Rob brings a proven track record managing the personnel, constrained budgets, and highly complex processes will be crucial in bringing RCI’s innovative new rocket motors to market.  His in-depth space operations and policy experience within the Department of Defense and across other Federal agencies will be of great help as the company continues to grow and expand its customer base.



Sean Mirsky is an expert in Macro Economic Event and Algorithmic Trading infrastructure.

He is the founder and CEO of the ZNES Group, which uses its resources to invest in forward looking “development stage” opportunities that typically have their roots in space commerce, yet have some meaningful connection to trading.

Prior to that, Sean developed and co-led the global microwave network efforts of Jump Trading as Director and Chief Architect, achieving superiority in speed between US and European Trading locations.  He also served as an embedded infrastructure specialist to key trading teams at Infinium Capital Management and Goldman Sachs.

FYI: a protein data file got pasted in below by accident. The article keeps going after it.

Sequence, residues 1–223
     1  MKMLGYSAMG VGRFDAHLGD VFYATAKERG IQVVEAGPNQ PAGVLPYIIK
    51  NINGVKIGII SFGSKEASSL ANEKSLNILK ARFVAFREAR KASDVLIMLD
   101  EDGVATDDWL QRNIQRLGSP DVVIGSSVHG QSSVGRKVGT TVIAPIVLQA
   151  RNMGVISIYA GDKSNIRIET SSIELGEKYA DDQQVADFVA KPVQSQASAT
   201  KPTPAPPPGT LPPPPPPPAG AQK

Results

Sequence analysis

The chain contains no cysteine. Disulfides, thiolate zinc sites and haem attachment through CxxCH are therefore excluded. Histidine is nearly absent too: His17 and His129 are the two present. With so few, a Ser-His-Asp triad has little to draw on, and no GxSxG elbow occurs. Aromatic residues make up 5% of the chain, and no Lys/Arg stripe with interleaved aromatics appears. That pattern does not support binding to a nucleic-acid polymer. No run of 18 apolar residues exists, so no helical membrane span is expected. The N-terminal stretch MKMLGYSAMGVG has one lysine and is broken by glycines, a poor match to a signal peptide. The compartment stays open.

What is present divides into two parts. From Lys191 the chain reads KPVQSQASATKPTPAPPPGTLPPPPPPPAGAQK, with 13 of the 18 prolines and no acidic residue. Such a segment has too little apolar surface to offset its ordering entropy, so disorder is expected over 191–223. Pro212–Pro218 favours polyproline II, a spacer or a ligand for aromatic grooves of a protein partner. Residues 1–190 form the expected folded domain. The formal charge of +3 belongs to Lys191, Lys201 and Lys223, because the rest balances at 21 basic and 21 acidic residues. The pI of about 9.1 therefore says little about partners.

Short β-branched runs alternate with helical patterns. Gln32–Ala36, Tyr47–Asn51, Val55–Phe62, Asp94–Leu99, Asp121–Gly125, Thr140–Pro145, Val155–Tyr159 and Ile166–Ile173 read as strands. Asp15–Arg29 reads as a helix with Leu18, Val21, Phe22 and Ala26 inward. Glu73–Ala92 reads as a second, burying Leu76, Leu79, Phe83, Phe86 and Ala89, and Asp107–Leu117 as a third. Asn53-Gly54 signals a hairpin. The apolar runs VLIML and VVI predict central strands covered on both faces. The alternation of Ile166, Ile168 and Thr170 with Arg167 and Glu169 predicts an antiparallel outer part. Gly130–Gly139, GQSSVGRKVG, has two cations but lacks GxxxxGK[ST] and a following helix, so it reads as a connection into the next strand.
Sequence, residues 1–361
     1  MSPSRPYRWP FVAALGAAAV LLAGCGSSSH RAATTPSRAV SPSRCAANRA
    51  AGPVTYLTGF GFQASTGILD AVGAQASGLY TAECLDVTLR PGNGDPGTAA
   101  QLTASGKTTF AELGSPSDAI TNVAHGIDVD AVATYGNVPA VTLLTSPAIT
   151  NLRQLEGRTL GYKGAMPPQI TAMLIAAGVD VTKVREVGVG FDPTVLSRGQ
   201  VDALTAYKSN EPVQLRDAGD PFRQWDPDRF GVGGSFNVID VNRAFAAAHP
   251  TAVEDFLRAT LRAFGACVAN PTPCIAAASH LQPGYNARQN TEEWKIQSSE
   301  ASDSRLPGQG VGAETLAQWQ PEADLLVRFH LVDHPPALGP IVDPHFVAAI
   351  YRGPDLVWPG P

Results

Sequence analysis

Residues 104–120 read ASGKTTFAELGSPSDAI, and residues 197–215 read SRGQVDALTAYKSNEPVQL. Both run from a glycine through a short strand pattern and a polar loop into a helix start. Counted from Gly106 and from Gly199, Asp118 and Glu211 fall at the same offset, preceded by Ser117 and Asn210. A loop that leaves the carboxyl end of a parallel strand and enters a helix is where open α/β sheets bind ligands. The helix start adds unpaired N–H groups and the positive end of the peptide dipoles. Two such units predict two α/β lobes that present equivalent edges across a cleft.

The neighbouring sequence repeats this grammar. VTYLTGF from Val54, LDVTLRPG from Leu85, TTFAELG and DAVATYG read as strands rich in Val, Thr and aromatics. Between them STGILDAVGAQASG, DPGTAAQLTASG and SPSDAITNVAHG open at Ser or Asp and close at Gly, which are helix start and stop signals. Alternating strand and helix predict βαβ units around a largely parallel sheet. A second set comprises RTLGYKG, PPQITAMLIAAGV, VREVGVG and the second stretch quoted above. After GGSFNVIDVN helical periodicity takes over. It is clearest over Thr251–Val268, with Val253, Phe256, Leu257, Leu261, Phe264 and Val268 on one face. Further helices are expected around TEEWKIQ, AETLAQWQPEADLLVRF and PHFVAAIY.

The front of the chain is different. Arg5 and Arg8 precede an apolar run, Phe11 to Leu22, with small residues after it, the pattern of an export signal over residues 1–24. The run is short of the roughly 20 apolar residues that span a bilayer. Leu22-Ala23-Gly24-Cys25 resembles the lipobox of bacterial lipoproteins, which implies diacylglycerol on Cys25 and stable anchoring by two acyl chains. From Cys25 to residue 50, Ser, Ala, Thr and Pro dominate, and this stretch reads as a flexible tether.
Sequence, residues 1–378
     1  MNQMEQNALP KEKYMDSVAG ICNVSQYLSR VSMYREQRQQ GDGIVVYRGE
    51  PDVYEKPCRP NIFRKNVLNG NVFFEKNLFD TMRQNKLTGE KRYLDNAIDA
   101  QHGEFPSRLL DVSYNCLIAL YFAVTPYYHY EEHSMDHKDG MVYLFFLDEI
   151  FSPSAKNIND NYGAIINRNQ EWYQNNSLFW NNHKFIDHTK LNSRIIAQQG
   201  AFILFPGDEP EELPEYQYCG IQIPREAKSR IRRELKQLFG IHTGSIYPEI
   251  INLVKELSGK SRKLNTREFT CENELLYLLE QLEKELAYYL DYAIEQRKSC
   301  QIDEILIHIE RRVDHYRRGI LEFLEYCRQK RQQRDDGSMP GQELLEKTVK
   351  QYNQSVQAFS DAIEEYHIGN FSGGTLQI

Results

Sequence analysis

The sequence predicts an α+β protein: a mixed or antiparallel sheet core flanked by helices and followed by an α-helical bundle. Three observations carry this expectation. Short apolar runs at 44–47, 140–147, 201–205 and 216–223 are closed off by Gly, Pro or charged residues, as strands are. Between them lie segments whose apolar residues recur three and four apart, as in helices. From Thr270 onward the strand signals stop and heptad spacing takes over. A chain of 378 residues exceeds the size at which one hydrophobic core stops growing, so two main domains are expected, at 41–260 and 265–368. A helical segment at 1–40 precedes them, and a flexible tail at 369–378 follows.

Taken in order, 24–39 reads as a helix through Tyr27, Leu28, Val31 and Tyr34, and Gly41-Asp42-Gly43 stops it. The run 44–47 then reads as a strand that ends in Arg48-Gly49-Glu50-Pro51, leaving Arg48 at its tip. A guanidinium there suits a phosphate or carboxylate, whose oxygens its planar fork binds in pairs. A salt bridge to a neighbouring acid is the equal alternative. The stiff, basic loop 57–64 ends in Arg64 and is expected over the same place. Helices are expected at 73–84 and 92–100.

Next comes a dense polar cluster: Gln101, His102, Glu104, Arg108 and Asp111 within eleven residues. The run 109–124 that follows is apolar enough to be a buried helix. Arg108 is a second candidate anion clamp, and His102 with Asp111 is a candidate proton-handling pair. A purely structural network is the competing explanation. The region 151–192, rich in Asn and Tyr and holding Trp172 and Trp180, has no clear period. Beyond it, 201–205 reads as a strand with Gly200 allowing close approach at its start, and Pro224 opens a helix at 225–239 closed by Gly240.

On the Board of Directors of Rocket Crafters Inc., Sean is currently involved with commercializing patented 3D-Printed Rocket fuel and other breakthrough technologies for delivering Small Satellite (“SmallSat”) payloads to the precise orbit specified by each client.

Sean initially joined RCI’s Advisory Board, and in May ’16 was elected as a Board Member.



Sid Gutierrez earned a BS in Aeronautical Engineering from the United States Air Force Academy – Distinguished Graduate – and an MA in Management from Webster University. He is a graduate of the USAF Test Pilot School and has completed a number of executive management courses at UCLA, MIT and Stanford.  In the Air Force he flew the F-15, F-16, T-38 and many other aircraft while serving as a fighter pilot, test pilot, and instructor pilot.  Sid joined NASA as an astronaut in the mid-80’s and in the early ‘90’s he served as the Pilot of Space Shuttle Columbia (STS-40 Spacelab Life Sciences – SLS-1, a dedicated space and life sciences mission), and Mission Commander of Space Shuttle Endeavor (STS-59 Space Radar Laboratory  – SRL-1, part of Mission to Planet Earth). Both missions were recognized with the Aviation Week & Space Technology Laureate Award for outstanding achievement in the field of space.